When he drops me to the railway station, he would wait. Help me with the luggage. Meanwhile chatting away about his children, a son and a daughter, how he wants them to study and find a job. About his relatives living in other cities. He would say with pride how he takes his entire family of four on the auto for as long as 200 kilometres!

Then the pandemic embarked upon us. And nobody could travel or stepped out. So after March 2020, when I last visited, there was not a need for auto rickshaw. I called his phone few times to run some errands for my parents long distance, but could not connect. I wondered if he had to look for an alternate profession and is doing something else. But why would the call not go through at all?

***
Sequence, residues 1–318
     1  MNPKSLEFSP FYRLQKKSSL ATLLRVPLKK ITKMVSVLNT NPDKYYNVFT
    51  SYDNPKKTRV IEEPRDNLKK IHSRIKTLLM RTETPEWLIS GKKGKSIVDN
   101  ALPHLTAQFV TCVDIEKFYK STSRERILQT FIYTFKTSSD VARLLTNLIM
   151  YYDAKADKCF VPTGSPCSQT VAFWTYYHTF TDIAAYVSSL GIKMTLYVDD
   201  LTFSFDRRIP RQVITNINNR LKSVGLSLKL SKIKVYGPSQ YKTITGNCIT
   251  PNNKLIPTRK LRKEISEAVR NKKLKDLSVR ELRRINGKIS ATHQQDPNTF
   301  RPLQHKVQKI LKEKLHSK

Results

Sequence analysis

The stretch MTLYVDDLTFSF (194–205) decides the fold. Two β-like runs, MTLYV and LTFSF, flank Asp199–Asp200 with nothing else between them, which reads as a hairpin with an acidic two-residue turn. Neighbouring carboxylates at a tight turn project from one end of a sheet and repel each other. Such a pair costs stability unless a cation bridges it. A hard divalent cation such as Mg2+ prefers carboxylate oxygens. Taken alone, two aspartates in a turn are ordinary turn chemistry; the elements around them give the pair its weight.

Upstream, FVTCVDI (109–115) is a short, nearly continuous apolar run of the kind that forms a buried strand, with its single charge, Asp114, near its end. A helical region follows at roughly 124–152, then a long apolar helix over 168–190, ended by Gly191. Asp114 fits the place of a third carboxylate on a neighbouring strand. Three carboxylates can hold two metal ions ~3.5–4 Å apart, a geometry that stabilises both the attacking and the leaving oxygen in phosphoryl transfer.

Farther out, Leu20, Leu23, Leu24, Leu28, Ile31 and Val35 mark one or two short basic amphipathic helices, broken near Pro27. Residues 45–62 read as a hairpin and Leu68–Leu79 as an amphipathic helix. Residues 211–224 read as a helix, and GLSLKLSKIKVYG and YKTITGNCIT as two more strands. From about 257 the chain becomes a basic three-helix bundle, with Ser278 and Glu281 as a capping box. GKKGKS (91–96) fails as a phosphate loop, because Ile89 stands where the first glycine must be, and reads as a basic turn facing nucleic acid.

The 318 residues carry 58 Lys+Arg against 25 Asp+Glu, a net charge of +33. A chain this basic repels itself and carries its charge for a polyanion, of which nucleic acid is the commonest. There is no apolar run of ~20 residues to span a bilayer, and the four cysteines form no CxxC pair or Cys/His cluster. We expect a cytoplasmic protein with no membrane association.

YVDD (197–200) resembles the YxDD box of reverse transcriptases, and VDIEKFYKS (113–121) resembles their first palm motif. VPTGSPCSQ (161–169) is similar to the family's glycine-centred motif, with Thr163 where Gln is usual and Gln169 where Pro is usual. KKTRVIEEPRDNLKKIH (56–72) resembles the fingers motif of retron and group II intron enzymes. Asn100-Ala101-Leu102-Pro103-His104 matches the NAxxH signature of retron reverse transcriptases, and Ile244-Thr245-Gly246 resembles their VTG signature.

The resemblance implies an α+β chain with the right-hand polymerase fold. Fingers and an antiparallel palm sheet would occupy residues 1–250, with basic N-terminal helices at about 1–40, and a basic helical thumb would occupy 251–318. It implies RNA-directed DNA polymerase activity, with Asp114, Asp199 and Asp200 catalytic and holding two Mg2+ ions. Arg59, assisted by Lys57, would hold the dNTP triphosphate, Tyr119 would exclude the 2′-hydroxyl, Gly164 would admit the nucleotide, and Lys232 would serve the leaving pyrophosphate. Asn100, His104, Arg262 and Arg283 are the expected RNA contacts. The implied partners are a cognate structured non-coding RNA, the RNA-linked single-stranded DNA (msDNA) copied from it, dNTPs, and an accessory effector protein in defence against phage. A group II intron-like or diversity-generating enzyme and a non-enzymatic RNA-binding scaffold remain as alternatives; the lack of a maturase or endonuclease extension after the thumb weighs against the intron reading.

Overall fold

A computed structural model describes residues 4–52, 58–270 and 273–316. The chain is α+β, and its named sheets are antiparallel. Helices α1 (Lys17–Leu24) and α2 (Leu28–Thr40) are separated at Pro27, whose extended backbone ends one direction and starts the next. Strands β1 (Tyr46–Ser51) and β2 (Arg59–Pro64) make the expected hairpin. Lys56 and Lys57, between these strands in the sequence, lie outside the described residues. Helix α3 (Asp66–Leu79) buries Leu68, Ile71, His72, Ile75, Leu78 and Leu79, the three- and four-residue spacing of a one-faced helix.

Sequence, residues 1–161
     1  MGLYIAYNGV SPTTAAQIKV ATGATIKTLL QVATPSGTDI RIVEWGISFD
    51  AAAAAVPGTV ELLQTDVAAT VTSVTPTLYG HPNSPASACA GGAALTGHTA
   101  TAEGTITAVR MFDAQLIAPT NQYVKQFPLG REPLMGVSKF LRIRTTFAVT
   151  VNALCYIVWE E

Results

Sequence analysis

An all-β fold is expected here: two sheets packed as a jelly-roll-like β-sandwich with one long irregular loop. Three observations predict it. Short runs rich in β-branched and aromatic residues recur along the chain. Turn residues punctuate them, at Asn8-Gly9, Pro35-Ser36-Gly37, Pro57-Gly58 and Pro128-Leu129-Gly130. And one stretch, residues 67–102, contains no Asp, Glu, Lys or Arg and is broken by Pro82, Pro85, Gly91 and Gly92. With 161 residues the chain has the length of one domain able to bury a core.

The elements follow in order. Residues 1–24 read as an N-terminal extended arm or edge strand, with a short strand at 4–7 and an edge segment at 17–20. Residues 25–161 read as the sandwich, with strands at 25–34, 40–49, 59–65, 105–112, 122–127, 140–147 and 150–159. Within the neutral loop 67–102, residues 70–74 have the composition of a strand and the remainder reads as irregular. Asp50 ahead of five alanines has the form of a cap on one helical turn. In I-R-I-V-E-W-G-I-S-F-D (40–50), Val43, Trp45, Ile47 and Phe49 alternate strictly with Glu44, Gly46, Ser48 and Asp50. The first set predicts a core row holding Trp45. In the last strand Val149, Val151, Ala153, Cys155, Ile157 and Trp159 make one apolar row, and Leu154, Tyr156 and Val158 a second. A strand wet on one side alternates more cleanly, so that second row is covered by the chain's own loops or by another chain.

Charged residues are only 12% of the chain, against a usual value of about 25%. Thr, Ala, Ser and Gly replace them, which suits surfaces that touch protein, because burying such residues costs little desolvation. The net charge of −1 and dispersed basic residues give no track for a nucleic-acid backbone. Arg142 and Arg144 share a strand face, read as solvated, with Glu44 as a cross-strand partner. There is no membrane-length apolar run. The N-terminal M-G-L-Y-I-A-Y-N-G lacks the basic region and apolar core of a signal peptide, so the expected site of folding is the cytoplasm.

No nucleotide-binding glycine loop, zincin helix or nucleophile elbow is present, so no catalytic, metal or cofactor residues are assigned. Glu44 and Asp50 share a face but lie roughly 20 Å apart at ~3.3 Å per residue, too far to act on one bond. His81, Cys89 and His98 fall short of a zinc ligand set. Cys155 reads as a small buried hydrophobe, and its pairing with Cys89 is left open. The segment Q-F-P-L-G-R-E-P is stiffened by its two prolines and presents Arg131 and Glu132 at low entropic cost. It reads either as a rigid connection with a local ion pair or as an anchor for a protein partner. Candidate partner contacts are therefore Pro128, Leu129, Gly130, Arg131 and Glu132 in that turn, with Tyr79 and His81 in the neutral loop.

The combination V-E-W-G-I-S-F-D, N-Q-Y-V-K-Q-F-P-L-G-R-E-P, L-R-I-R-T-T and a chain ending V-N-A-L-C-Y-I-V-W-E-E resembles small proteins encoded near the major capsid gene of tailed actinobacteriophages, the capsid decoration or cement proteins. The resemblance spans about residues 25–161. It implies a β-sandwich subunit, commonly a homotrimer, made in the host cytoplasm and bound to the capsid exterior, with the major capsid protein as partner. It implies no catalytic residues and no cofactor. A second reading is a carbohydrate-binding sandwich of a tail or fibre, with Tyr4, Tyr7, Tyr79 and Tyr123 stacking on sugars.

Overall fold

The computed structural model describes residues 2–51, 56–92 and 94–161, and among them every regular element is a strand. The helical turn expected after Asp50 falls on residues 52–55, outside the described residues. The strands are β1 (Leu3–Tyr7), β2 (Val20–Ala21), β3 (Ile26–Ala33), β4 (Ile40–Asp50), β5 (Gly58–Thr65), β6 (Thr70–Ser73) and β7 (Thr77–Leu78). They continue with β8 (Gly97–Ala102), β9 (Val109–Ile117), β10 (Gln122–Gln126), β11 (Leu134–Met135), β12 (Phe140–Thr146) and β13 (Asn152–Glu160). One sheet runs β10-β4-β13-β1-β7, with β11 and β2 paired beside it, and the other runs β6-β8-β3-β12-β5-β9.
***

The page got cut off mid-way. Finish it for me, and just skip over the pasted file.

He had mentioned while chatting away, that he sometimes does some work for a post office. I looked up on the net, found few numbers, took a chance and called. I asked the gentleman, hesitantly that I am looking for a certain Balaji who used to be an autorickshaw driver and was related to someone in the post office.

“He was not well and did not recover”, said the gentleman on the other side. I don’t know what illness, where he lived, no information on how to reach his family.

Always helpful, always soft spoken, never an argument.

How does one mourn some people? A face only in the memory.

The cats in our lives

Having taken care of Kittu and Pudgy, two street cats, who both came with very little time on earth, we were hesitant to get involved again. Momila fought with our Pudgy tooth and nail, terrorizing with her growls and power.